Thursday, 3 April 2014

Books in bed


Firstly, I'm so sorry that it's taken so much longer than promised to announce a winner for Christine's book giveaway - I'll do that in my next post once I've got organised again - your stories were a complete, and very comforting, delight. I've been in bed with the worst bout of tonsillitis that I've ever experienced (and as someone who has form for getting tonsillitis several times a year, I have a substantial history on which to base comparisons). I don't usually stop for illness (which is something that infuriates my husband and causes him to adopt a Basil Fawlty voice and bluster around saying things like 'Just dying, dear, but must press on! Important things to do!' whenever he passes me), but in this case I felt so dreadful that I actually just lay in bed and slept for hours on end and when I woke up the only thing I had the energy to do was to devour books and actually listen to my husband's orders (a very rare occurrence) to do absolutely nothing. Although with a temperature over 100, I was required one day to take a brief authorised break from resting to rustle up a fancy dress costume, but more on that for another post.


I borrowed my husband's Kindle several years ago and at the time really didn't enjoy the experience of digital reading, but I stole it back last week and found myself unexpectedly falling in love with it. As I'd worked my way through all 629 pages of the beautiful cloth-bound copy of Wilkie Collin's epic novel 'The Woman in White', I'd found myself exhausted by having to keep the pages open and hold such a weighty book (yes, that feeble) and would invariably fall asleep over it, drifting in and out of consciousness with an awareness that the cover was jabbing me in the cheek, but without the presence of mind to actually move the book before falling back to sleep. So, on finishing that, when I moved on to Kindlised versions of books, I experienced a sensation of 'Oh my goodness: so light; so little page turning; so uninjurious while I sleep; such instant acquisitions of new reading fodder; so wonderful to not have the room littered with teetering towers of books; so refreshing not to have to try and make room for new books on our already overflowing bookshelves'. I've found myself feeling quite attached to it.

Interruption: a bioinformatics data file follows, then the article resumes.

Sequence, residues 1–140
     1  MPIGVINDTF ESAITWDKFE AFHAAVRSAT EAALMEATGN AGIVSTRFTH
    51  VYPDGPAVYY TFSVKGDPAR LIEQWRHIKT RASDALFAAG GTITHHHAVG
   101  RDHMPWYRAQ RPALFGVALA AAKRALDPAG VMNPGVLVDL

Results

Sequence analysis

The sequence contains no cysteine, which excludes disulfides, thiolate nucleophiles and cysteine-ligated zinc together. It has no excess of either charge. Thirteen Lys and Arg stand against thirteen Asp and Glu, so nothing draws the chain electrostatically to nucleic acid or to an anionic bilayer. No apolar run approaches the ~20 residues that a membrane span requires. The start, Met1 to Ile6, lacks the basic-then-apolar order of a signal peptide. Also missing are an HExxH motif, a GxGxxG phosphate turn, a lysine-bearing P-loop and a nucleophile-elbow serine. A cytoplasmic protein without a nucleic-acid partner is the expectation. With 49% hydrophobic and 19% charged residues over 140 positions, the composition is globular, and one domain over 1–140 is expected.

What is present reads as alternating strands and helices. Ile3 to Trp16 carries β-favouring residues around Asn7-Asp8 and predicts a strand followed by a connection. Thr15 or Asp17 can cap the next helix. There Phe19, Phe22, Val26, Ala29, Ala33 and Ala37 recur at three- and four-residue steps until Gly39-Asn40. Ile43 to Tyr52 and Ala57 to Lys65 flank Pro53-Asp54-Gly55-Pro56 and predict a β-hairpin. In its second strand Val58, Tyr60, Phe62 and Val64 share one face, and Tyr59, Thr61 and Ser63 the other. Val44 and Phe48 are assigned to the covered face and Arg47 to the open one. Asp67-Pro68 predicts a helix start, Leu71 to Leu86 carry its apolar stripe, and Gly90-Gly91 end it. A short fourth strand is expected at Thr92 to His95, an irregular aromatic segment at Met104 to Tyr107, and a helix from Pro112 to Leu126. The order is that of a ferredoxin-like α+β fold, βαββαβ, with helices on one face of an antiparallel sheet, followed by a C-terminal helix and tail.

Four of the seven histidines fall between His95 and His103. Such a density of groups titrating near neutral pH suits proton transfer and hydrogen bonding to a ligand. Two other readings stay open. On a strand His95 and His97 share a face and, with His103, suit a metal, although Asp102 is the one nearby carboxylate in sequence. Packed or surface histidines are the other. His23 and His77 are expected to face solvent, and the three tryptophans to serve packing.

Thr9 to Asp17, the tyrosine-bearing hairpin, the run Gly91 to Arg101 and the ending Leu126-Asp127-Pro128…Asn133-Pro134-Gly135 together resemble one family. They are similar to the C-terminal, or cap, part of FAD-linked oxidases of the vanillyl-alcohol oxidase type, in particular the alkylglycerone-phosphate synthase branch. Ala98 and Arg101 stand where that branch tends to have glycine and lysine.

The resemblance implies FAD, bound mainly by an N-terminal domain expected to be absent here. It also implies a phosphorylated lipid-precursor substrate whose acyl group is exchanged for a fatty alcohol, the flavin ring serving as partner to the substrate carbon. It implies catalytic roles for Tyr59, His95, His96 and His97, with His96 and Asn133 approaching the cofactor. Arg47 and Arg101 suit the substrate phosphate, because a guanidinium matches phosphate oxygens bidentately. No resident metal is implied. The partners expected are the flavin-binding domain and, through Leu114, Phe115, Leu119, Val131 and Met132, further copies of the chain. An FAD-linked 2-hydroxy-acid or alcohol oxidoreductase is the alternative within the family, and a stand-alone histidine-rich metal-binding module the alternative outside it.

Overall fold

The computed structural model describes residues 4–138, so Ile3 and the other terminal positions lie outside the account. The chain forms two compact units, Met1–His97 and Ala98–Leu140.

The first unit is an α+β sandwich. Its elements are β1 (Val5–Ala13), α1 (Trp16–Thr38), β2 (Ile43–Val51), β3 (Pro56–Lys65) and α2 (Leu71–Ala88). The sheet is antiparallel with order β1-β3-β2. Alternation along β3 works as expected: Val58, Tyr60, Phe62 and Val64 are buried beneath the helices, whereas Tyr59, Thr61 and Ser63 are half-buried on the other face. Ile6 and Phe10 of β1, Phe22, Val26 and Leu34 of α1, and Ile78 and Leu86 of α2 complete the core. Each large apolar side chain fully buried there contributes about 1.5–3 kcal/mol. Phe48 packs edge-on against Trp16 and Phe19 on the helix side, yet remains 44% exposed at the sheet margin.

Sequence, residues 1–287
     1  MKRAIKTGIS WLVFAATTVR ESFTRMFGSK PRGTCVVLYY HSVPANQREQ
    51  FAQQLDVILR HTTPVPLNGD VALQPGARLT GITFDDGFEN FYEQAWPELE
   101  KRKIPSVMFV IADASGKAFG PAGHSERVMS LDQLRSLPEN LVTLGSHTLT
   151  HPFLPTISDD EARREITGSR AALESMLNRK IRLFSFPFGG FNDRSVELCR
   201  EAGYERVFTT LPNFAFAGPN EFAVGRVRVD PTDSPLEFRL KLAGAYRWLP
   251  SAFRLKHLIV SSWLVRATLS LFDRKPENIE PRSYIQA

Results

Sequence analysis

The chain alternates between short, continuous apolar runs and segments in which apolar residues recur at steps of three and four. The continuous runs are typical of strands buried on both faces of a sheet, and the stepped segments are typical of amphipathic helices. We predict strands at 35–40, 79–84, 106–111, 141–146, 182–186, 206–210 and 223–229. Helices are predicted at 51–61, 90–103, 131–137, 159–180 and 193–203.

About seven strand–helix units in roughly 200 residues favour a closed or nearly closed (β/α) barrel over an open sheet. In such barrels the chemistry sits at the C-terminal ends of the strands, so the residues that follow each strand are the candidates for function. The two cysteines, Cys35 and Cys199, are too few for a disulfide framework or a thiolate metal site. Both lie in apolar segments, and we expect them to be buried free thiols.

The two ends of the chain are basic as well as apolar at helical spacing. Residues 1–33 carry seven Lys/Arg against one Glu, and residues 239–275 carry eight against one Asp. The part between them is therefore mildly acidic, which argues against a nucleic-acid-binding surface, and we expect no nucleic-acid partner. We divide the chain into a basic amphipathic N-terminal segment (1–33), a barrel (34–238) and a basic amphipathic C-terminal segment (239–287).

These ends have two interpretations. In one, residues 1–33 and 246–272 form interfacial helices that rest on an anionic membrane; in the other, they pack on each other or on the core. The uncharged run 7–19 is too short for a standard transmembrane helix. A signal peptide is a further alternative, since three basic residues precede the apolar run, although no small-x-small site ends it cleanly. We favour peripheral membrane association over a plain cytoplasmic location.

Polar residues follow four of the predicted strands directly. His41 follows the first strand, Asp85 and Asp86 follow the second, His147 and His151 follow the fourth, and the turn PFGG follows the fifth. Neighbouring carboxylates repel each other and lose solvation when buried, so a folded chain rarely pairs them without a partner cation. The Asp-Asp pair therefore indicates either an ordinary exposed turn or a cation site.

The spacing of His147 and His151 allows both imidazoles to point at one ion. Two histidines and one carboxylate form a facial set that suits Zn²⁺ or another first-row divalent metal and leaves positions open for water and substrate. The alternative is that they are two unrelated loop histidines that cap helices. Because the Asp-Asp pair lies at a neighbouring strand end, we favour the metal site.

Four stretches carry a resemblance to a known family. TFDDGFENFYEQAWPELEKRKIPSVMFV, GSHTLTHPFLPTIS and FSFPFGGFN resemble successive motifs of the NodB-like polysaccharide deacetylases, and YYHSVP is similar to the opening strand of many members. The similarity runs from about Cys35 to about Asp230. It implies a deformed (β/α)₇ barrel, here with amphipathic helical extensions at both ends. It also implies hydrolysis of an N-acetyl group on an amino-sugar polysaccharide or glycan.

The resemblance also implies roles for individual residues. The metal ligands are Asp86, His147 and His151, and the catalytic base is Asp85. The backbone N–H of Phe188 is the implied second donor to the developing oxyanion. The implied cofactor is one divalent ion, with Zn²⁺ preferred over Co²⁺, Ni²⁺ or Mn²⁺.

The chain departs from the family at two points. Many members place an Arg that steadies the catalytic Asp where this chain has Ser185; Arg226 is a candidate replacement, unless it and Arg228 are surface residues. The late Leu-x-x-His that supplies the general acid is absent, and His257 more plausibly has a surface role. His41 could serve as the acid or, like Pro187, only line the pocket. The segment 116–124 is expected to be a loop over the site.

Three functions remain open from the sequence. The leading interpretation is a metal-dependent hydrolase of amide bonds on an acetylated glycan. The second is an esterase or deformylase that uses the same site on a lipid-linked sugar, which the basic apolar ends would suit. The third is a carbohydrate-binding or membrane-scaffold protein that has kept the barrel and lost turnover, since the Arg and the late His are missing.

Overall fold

I have read more books in the last two weeks than I've read in the whole of the previous year. Here was my rather random choice of reading material.

1) The Last Runaway, by Tracy Chevalier - my best friend bought this for me and, happily, in amongst the wonderful story, it features quilting quite heavily and most deliciously. I love that it does this without having been penned for a freaky sub-genre entitled 'Novels Written Specifically for Quilters' (Quilt Lit? Quilt Fiction?). There's an assumption within in it that regular people will enjoy hearing the details of constructing an English paper pieced quilt; there's nothing quite as lovely as having your obsession normalised. (You can read Tracy's blog, which features some quilts as well her writing news, here).

2) Girl with a Pearl Earring, by Tracy Chevalier - having fallen in love with Tracy Chevalier's writing style in the previous book, I went straight onto my (husband's) Kindle and downloaded this. No quilts, this time it's painting, but wonderful all the same.

3) The Homecoming, by Anna Smith - I really enjoyed this book - it's a story set over a hazy summer in Scotland, within a small rural farming community, where a secret lies at the heart of it. Gripping, but a very easy and enjoyable read.

4) The Woman in White, by Wilkie Collins - I feel like my life would be richer for this having been edited down from 629 pages to 300, but it was so compelling that I couldn't abandon it without finishing it. My father, sister and friends all love this book; I enjoyed it but felt as though I'd missed something as I wasn't quite as delighted by it as they were. Perhaps it had something to do with the jabby book cover that attacked me in my feverish state.

5) Narrow Margins, by Marie Browne - this is the true story of a family who, facing financial ruin during the recession, left their conventional life to live on a near derelict Narrow Boat with their young family. I'm unsure quite why this tale of the gruelling reality of such a thing thrilled me so much, but when I finally felt well enough to turn my laptop on, the first thing I did was book a summer holiday for my own family aboard a narrow boat. I'm so looking forward to this (luckily, it's of the not-at-all-derelict-and-actually-ridiculously-luxurious variety).

6) The obsession continued. Next I read the sequel, Narrow Minds, also by Marie Browne.